A glue-gun base became an invaluable welding tool, a pool ladder became a support stand and a wooden disc became new hope for disabled cowboys.
Those are just a few examples of the creative responses 25 Touro University students seeking master’s degrees in occupational therapy came up with when charged to invent a product to improve a disabled person’s quality of life.
The challenge – the final project in an assistive technology class that marks the halfway point of their two years of study – gave students the chance to blend life experience with their professional training.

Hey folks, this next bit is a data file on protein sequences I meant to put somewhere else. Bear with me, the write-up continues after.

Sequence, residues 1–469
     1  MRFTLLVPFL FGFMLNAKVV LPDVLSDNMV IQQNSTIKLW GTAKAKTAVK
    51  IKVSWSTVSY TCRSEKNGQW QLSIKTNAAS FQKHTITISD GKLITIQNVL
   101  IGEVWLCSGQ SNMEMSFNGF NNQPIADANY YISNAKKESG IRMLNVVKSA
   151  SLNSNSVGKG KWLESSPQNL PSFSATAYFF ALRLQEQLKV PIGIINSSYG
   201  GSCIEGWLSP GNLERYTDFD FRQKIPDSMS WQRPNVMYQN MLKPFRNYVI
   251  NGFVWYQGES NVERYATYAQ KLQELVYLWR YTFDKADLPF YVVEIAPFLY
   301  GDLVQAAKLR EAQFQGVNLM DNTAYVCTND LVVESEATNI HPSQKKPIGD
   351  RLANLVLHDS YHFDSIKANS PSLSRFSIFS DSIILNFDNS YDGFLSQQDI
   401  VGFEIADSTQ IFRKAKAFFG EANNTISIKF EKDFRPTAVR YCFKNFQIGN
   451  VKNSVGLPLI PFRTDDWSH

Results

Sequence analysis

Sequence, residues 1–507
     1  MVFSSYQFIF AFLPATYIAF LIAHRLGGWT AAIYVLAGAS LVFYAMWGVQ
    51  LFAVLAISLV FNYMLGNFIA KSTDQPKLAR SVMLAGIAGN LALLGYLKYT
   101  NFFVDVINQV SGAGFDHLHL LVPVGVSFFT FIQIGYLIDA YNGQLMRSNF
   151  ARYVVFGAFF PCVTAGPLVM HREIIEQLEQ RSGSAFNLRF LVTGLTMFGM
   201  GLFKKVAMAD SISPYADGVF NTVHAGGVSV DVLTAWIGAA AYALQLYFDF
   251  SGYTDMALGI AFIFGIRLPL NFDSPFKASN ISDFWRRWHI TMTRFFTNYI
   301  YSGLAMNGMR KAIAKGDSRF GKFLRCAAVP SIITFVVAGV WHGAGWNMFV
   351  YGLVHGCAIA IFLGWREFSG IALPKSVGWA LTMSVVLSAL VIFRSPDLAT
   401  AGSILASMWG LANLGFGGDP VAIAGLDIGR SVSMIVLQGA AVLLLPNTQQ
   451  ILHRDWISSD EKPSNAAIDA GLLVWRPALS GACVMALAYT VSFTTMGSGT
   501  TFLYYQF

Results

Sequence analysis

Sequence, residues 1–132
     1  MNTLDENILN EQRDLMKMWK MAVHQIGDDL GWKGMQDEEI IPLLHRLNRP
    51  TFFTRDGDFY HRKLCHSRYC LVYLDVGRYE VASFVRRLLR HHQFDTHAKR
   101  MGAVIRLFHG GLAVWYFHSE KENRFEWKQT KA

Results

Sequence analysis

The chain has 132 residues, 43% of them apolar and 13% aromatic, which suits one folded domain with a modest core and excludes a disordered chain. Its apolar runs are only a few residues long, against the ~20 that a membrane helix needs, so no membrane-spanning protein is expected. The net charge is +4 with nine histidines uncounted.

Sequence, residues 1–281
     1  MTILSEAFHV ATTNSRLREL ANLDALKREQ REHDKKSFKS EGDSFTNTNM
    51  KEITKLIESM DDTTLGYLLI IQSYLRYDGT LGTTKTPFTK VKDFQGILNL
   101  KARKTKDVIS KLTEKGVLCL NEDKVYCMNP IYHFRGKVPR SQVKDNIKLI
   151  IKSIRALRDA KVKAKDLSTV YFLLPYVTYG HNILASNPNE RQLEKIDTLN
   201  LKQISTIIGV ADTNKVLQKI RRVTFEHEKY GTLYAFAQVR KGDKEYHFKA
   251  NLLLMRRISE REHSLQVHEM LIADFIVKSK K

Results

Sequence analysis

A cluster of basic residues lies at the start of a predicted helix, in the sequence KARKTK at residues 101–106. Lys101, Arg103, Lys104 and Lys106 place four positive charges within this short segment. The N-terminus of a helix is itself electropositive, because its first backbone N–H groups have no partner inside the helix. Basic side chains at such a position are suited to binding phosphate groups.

Student Pamela Morales designed a welding tool for her brother, Rick Boyer, who teaches welding at Southeast Career and Technical Academy.
Boyer’s hand was severed in an automobile accident in 1982, and while doctors were able to reattach it, he has a limited range of motion.
The welding rod gun Morales designed allows her brother to squeeze a large handle that slowly feeds the rod into the weld, instead of having to put down his tools and manually feed the rod into the weld – something he had to do more than 30 times with each rod previously.
Continue Reading: “Students’ Inventions Help The Disabled”
Photo by Las Vegas Sun.